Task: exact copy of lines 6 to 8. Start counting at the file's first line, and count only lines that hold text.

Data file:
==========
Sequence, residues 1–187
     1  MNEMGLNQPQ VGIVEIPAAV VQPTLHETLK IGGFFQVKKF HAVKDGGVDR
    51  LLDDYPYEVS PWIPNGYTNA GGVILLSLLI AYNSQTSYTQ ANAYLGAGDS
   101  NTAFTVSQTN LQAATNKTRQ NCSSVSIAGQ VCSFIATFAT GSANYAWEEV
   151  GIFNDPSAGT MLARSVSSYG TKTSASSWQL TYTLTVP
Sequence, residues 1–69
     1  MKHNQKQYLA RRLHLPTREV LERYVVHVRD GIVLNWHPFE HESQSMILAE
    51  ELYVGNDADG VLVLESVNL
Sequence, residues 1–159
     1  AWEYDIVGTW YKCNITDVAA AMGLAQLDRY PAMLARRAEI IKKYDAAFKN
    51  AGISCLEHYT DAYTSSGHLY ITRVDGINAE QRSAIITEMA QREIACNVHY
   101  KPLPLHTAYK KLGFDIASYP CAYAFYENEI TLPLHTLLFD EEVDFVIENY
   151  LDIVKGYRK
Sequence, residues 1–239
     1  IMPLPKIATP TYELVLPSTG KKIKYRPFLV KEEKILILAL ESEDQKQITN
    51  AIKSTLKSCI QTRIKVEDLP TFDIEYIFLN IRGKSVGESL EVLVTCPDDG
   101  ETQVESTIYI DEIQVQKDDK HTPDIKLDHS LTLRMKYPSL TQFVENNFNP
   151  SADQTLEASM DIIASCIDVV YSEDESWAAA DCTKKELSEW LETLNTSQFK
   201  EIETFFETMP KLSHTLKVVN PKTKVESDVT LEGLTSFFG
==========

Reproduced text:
Sequence, residues 1–69
     1  MKHNQKQYLA RRLHLPTREV LERYVVHVRD GIVLNWHPFE HESQSMILAE
    51  ELYVGNDADG VLVLESVNL